Washington Photo Safari


washington monument, reflecting pool, monuments and memorials, washington photo safari, dc photo workshopA couple weeks ago when I was worried about how I was going to spend all my free time after Spanish ended and before we departed for post (before we received our travel orders and found out we’d be heading to El Salvador soon), I signed up for a photography workshop: Monuments and Memorials by Washington Photo Safari.lincoln memorial, monuments and memorials, washington photo safari, dc photo workshopActually I signed up for F-Stops and Shutter Speeds, but apparently no one else did and they had to cancel the class, so I was able to register for the Monuments and Memorials half-day class at no additional cost.Since I bought my Nikon D5100 earlier this summer, I’ve made some attempts at taking interesting pictures. I’ve tried to learn as I go, relying on my camera’s instruction manual, my Nikon D5100 For Dummies book (don’t judge me) and the internets. But that hasn’t really been working out for me.And I really want to be able to take great pictures to document our adventures abroad. So I thought some “formal” instruction might do me some good.washington monument, monuments and memorials, washington photo safari, dc photo workshopI really enjoyed Washington Photo Safari’s Monuments and Memorials photo workshop and think I learned a lot. It’s definitely for beginners (“how to hold your camera”) but I liked that it covered all the important technical aspects of photography — aperture, shutter speed, ISO settings, white balance, etc. — as well as some compositional elements, like how to frame a picture and position yourself for the best shot.Also, it was 80% photo workshop and 20% DC tour, which was fun for me since as an area native, I’ve taken for granted a lot of the sights Washington has to offer. Sure, I visited many of the museums and monuments on field trips growing up and have done my share of playing tour guide for out-of-town guests, but beyond going on runs around the National Mall, I haven’t done much sightseeing in the time I’ve lived here.For example, I had never been to the Albert Einstein statue outside the National Academy of Sciences until the photo safari. In fact, I’m not sure I even knew it was there, right at Constitution Avenue and 22nd Street.albert einstein statue, national academy of sciences, celestial map, monuments and memorials, washington photo safari, dc photo workshopWhat? I know. Oh, you knew about it? Whatev.Here are a couple others from the Korean War Veterans Memorial:

korean war memorial, monuments and memorials, washington photo safari, dc photo workshopkorean war memorial, monuments and memorials, washington photo safari, dc photo workshopkorean war memorial, monuments and memorials, washington photo safari, dc photo workshop

Photogs out there: Any photography tips or tricks to share? Favorite equipment or accessories? I am planning to buy a tripod before we leave for post but I want something light enough/small enough to carry on hikes, but sturdy enough to support my camera. And recommendations?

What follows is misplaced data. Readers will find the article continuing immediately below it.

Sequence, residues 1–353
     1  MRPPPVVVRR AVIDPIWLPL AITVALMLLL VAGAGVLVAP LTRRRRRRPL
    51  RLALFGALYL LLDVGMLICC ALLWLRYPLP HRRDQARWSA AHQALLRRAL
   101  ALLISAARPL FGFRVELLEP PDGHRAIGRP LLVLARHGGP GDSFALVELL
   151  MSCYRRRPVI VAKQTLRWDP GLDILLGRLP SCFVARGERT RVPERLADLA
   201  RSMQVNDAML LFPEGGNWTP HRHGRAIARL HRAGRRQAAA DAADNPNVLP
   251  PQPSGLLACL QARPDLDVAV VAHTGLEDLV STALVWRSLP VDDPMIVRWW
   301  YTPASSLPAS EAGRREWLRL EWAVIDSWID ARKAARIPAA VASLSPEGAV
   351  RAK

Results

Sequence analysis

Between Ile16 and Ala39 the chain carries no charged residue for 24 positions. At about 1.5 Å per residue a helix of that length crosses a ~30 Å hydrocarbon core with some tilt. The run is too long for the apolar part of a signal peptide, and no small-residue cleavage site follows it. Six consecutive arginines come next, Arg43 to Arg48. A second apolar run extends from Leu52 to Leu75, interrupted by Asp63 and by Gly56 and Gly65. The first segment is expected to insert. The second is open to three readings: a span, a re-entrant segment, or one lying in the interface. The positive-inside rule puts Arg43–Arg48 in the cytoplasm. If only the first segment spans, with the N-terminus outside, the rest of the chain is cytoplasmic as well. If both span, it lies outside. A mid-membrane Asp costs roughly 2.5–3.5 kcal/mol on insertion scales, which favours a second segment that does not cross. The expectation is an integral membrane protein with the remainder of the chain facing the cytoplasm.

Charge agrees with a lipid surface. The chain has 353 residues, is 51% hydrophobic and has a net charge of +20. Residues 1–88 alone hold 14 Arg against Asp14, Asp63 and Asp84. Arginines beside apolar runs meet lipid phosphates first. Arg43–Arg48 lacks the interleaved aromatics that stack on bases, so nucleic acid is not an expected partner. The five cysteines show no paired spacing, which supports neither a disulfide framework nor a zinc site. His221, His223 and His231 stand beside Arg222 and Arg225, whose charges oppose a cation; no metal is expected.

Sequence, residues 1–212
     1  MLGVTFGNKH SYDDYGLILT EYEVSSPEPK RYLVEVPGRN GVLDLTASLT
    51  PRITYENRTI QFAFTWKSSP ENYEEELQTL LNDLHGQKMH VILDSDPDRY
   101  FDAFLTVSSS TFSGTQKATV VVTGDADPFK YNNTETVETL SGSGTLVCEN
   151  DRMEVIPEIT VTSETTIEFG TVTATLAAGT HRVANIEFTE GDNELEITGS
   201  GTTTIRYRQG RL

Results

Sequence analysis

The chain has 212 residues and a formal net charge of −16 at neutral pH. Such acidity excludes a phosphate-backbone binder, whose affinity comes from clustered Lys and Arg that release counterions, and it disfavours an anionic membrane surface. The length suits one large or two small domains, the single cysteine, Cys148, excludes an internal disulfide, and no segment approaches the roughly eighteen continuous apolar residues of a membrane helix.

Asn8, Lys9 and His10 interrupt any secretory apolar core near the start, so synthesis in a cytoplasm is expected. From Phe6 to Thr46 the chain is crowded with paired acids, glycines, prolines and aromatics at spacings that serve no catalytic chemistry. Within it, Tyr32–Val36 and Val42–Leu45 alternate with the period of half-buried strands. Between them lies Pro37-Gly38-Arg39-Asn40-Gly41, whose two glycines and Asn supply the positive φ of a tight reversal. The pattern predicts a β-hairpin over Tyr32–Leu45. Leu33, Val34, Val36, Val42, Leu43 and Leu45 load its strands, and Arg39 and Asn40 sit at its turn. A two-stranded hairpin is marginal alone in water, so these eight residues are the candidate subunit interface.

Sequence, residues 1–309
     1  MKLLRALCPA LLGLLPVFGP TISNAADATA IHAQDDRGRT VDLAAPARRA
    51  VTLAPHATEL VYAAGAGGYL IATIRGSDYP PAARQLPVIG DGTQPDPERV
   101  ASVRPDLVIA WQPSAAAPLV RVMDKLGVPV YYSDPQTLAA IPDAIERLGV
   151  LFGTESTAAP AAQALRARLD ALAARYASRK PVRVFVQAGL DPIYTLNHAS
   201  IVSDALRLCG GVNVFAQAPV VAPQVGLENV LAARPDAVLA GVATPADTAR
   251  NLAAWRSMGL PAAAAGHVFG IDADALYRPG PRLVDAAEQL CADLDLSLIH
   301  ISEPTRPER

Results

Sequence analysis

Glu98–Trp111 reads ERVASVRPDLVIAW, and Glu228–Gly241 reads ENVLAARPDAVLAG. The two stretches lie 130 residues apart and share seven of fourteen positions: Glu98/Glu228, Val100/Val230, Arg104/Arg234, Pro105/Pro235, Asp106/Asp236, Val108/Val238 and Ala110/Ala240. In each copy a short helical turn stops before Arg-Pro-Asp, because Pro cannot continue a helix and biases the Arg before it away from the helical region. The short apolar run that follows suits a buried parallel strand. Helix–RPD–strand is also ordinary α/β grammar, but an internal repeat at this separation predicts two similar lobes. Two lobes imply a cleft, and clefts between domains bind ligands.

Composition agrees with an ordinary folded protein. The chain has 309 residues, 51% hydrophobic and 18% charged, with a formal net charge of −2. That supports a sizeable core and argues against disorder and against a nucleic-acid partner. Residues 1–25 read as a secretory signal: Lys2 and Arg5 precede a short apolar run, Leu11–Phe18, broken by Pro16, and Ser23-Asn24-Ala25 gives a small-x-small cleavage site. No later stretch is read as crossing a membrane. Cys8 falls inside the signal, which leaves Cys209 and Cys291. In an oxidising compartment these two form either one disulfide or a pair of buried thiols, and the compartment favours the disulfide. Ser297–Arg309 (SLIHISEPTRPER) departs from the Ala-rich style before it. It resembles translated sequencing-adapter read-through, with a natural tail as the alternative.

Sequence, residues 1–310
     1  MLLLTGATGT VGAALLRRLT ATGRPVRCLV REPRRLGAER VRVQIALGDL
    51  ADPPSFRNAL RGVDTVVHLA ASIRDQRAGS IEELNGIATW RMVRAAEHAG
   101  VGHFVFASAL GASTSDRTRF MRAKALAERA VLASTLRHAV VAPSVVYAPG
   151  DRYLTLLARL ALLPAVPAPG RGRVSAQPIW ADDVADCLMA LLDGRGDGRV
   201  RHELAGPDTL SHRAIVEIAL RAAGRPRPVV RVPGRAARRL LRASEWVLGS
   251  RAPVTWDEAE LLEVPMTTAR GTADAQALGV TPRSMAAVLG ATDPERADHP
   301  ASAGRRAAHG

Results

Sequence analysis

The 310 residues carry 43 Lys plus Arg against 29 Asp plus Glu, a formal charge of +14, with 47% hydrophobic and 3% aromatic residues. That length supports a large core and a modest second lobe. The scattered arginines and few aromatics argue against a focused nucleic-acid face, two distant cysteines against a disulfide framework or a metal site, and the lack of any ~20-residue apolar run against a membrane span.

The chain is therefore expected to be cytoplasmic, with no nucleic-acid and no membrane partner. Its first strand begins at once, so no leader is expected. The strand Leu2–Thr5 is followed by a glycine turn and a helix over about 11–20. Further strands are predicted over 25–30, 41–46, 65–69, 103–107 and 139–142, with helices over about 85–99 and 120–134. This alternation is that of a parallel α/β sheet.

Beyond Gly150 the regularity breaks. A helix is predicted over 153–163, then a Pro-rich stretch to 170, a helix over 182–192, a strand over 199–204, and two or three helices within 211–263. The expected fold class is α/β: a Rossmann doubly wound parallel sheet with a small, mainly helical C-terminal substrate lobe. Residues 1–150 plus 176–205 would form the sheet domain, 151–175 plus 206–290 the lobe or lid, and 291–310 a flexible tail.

Published by La Vie Overseas

I'm Natasha -- writer, runner and wife to a Foreign Service Officer with USAID. Current location: Frankfurt, Germany.

5 thoughts on “Washington Photo Safari

  1. I especially love the first photo! I’ve always wanted to do one of those classes but I never have so it’s cool to hear about it. I’m horrible at buying camera gear but filters, filters, filters, and a nifty-fifty lens. Also, last year I bought Photoshop Elements. It’s the $80 version of the $600 Photoshop software but, honestly, I’m not entirely sure what I’m missing by having the “cheap” version. You can get much more subtle edits out of Photoshop than you can out of Aviary or iphoto or anything else. I’m going nuts right now using Aviary on Flickr. As soon as we get our big computer back I think I’m going to finally purchase Lightroom which apparently is more useful for editing lots and lots of photos than Elements but Elements is still a great buy.


    1. Thank you! I think you are probably more advanced than the target audience for the workshop I took, but it was a neat experience. The instructor did recommend getting a circular polarizing filter to make the most out of the sunny Central American climate. I kind of feel like I need to get used to the camera and lenses that I have first before I start investing in other equipment. And I haven’t even thought about buying editing software yet!


  2. It definitely looks like you learned something! The photos are great! I tend to favor shots that have an unexpected element as the close up with a nice fade on the background. So my favorite is the shot of the Veterans Memorial with the flowers. Very nice. I second the 50 mm lens. I try to only use that lens, it’s that much better than the one my camera came with. I don’t use filters and I really need to get an editing tool. I’ve heard great things about lightroom but it’s kind of pricey!


    1. Thank you! It was definitely a worthwhile experience. I am looking forward to getting to post and taking pictures. Yeah, I haven’t concentrated on editing very much. I usually just use iPhoto or there are a couple web-based tools, iPiccy and PicMonkey, but I mostly just use auto-adjust functions or the collage function.


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